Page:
Don’t you just love a bowl of cold soup on a hot day? When summer comes around, cold soups start popping up on restaurant menus everywhere. Spanish red gazpacho is the epitome of cold soups, made by pureeing tomatoes and other vegetables with garlic and olive oil. This post however, is about the lesser known gazpacho- white gazpacho or ajo blanco, meaning “white garlic.” White gazpacho is actually the original gazpacho, originating in the Andalusian region of Spain before tomatoes were introduced to the country. Andalusia was occupied by the Moors for hundreds of years in the Middle Ages and their Arabic culture influenced the food of that region.White gazpacho uses inexpensive ingredients like olive oil, garlic, stale bread and almonds, which grow abundantly in that region of Spain. It was often served as a nourishing, refreshing meal for laborers working in the fields under the hot sun. Almonds and olive oil provide heart healthy unsaturated fats. Almonds additionally provide protein and fiber as well as several other nutrients that have beneficial effects on heart health. To read more about the health benefits of nuts, click here. Cucumbers and grapes are packed with water to keep you hydrated and provide several important nutrients including Vitamin C, Vitamin K and potassium.
Traditionally made with a mortar and pestle, the base of white gazpacho consists of blanched almonds and garlic that are mashed into a paste. You want to make sure to use blanched almonds which have the skins removed since the skin adds a slightly bitter flavor and alters the color of the soup. Stale bread (soaked in water to soften it) and olive oil are then added to form an emulsion. Although traditional white gazpacho uses a large amount of olive oil, I cut down on the amount and found that it didn’t sacrifice the taste or texture of the soup. Cucumbers, grapes and a shallot are then added to provide fresh, vibrant flavor as well as a touch of sweetness to mellow out the garlic. A splash of Spanish sherry vinegar adds just the right amount of acid to round out the dish.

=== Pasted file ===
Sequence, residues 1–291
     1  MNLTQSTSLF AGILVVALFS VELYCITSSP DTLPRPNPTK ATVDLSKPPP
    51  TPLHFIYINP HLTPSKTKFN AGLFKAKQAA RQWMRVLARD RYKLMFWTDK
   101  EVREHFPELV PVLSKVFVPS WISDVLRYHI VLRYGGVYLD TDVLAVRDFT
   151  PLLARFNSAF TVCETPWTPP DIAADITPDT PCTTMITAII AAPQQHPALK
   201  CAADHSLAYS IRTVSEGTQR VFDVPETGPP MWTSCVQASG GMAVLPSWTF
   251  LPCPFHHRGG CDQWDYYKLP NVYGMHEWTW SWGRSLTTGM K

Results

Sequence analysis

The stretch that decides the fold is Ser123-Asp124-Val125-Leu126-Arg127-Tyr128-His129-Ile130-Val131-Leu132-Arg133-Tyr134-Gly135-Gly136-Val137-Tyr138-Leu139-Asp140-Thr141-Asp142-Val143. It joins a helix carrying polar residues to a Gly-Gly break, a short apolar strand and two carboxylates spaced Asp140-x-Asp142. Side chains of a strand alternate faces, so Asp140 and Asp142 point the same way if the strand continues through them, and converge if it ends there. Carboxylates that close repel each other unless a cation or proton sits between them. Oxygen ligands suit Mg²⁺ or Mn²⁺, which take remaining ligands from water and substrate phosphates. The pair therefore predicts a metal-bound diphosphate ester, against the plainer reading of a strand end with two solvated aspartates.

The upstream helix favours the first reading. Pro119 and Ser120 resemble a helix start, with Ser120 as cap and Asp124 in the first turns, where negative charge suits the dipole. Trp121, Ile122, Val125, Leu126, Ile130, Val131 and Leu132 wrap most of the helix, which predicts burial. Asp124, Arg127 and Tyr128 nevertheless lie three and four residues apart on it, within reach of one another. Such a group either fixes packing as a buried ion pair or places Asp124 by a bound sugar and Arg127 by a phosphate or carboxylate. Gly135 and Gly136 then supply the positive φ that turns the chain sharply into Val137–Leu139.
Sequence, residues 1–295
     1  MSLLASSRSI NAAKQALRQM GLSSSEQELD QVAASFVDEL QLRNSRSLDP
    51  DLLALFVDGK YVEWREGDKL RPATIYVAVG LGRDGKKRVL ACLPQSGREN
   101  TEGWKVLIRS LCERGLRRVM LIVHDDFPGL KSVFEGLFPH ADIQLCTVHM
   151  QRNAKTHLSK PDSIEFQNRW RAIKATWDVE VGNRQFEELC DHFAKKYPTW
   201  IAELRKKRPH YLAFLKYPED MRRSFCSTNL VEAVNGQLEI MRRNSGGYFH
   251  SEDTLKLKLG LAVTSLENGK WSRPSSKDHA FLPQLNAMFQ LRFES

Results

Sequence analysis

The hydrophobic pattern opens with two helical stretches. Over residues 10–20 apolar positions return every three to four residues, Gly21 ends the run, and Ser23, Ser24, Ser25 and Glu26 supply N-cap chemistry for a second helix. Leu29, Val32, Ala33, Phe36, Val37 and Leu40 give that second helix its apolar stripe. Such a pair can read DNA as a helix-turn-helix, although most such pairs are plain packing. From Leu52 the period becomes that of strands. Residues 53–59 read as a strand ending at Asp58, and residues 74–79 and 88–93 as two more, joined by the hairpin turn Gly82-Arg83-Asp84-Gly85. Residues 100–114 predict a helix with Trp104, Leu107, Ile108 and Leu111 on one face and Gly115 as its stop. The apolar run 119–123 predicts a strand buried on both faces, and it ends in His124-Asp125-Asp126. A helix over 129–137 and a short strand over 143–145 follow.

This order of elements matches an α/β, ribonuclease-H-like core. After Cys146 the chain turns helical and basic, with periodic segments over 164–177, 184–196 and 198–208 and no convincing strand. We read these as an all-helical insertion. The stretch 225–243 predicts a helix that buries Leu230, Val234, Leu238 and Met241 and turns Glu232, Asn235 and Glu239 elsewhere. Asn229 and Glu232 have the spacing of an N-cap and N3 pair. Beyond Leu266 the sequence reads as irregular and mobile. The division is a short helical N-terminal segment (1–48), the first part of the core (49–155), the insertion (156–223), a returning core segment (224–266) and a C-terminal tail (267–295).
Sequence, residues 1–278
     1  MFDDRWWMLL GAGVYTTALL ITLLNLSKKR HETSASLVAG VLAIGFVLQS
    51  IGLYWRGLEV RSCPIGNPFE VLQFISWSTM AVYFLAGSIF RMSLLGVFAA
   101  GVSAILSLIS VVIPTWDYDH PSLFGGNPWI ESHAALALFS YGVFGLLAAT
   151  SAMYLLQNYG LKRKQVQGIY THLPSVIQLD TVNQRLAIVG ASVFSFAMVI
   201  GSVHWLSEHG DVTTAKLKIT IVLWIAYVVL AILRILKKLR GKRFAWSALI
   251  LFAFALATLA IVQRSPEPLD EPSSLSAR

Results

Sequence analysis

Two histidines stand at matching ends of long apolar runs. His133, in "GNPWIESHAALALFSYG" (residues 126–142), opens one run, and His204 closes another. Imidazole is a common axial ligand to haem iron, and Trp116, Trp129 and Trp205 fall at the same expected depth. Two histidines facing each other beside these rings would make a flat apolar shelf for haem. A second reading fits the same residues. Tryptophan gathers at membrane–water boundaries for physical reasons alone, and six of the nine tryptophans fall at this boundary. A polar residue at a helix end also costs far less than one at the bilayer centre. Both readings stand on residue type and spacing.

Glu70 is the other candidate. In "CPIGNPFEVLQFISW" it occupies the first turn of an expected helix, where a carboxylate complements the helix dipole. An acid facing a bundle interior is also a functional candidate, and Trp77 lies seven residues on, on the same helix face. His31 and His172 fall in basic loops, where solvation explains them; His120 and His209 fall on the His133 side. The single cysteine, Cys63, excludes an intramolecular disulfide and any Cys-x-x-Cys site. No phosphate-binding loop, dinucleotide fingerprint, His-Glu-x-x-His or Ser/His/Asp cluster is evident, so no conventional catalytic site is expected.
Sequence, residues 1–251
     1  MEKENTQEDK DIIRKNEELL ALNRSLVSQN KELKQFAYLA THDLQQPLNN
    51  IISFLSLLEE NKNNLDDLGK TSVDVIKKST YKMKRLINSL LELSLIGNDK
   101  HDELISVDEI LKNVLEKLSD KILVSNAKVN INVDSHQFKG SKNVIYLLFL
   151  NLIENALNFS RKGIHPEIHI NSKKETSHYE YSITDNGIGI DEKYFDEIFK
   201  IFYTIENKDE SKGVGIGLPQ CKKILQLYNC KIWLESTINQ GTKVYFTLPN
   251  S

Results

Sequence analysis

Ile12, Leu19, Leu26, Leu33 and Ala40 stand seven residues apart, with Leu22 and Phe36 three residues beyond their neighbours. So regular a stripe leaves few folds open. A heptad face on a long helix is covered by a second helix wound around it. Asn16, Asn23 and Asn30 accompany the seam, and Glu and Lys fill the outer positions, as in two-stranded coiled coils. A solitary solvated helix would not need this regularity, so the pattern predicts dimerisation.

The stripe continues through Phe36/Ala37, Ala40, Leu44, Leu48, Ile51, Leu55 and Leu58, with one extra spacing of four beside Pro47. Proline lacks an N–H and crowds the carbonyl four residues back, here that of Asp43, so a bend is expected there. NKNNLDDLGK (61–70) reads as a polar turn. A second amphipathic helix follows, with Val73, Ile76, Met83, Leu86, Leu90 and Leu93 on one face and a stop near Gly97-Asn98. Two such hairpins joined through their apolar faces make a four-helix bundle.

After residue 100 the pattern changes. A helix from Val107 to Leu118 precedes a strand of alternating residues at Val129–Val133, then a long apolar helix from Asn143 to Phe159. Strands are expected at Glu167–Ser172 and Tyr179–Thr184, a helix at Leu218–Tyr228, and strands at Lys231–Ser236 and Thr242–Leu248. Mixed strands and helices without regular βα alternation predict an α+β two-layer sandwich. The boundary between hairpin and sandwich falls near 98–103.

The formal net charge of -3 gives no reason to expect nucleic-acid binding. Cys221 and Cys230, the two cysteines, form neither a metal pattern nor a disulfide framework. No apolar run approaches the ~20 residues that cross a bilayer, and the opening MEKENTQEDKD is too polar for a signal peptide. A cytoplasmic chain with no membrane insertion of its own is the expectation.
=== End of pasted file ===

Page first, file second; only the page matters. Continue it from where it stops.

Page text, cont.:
I make my gazpacho in a blender- first I grind up the almonds and garlic and then I just throw in the rest of the ingredients and blend until smooth. It doesn’t get much easier than that! It can be served at room temperature but I prefer to refrigerate it for a couple of hours before serving. That also gives the flavors plenty of time to meld. You can thin it out with water to achieve the consistency that you like. I like to serve my gazpacho as is but if you want it completely smooth, you can pass it through a strainer or chinois before serving.
I garnish my white gazpacho with slices of almonds, grapes and a bit of chive or scallion for a burst of color. This dish makes a perfect appetizer for a summer barbecue or Spanish tapas party. Get creative and try different varieties of gazpacho like watermelon or peach. For a gourmet flair, try serving your gazpacho as shooters in small glasses.
Makes 4 servings
2.5 ounces cubed white bread (about 2 cups) from a baguette, Italian loaf or sliced bread (crust cut off)
1 ½ cups cold water, divided use
1/3 cup whole, blanched almonds
1 clove garlic
2 tablespoons chopped shallot
2 cups diced, peeled English cucumber (about 1 large cucumber)
¾ cup green grapes
2 tablespoons extra virgin olive oil
3 ½ teaspoons sherry vinegar
1 teaspoon kosher salt
Chives or scallions for garnish (optional)
Place the bread cubes in a bowl and pour ½ cup water on top to soften them.
Place the almonds and garlic in a blender and puree until finely ground. Add the shallot, cucumber, grapes, oil, vinegar, salt and softened bread to the blender along with the remaining 1 cup water. Puree until smooth. Taste and adjust salt as needed. Add more water to the soup as needed to achieve desired consistency. Serve at room temperature or chilled. Serve in bowls or glasses and garnish with sliced grapes, almonds and chives or scallions if desired.
One serving: Calories 204; Fat 13.7g (Sat 1.5g); Protein 4.5g; Carb 17.9g; Fiber 2.3g